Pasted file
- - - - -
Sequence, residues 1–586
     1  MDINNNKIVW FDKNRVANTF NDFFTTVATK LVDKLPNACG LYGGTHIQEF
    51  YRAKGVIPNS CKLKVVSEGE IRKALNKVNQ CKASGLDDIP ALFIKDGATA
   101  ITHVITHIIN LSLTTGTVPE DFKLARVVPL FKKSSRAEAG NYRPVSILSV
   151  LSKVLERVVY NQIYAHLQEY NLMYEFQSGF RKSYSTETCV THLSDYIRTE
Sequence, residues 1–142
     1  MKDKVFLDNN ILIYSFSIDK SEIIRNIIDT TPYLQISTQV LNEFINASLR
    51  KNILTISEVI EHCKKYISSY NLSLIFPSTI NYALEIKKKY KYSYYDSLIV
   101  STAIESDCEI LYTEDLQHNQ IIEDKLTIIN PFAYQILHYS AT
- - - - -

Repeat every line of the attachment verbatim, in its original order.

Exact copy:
Sequence, residues 1–586
     1  MDINNNKIVW FDKNRVANTF NDFFTTVATK LVDKLPNACG LYGGTHIQEF
    51  YRAKGVIPNS CKLKVVSEGE IRKALNKVNQ CKASGLDDIP ALFIKDGATA
   101  ITHVITHIIN LSLTTGTVPE DFKLARVVPL FKKSSRAEAG NYRPVSILSV
   151  LSKVLERVVY NQIYAHLQEY NLMYEFQSGF RKSYSTETCV THLSDYIRTE
Sequence, residues 1–142
     1  MKDKVFLDNN ILIYSFSIDK SEIIRNIIDT TPYLQISTQV LNEFINASLR
    51  KNILTISEVI EHCKKYISSY NLSLIFPSTI NYALEIKKKY KYSYYDSLIV
   101  STAIESDCEI LYTEDLQHNQ IIEDKLTIIN PFAYQILHYS AT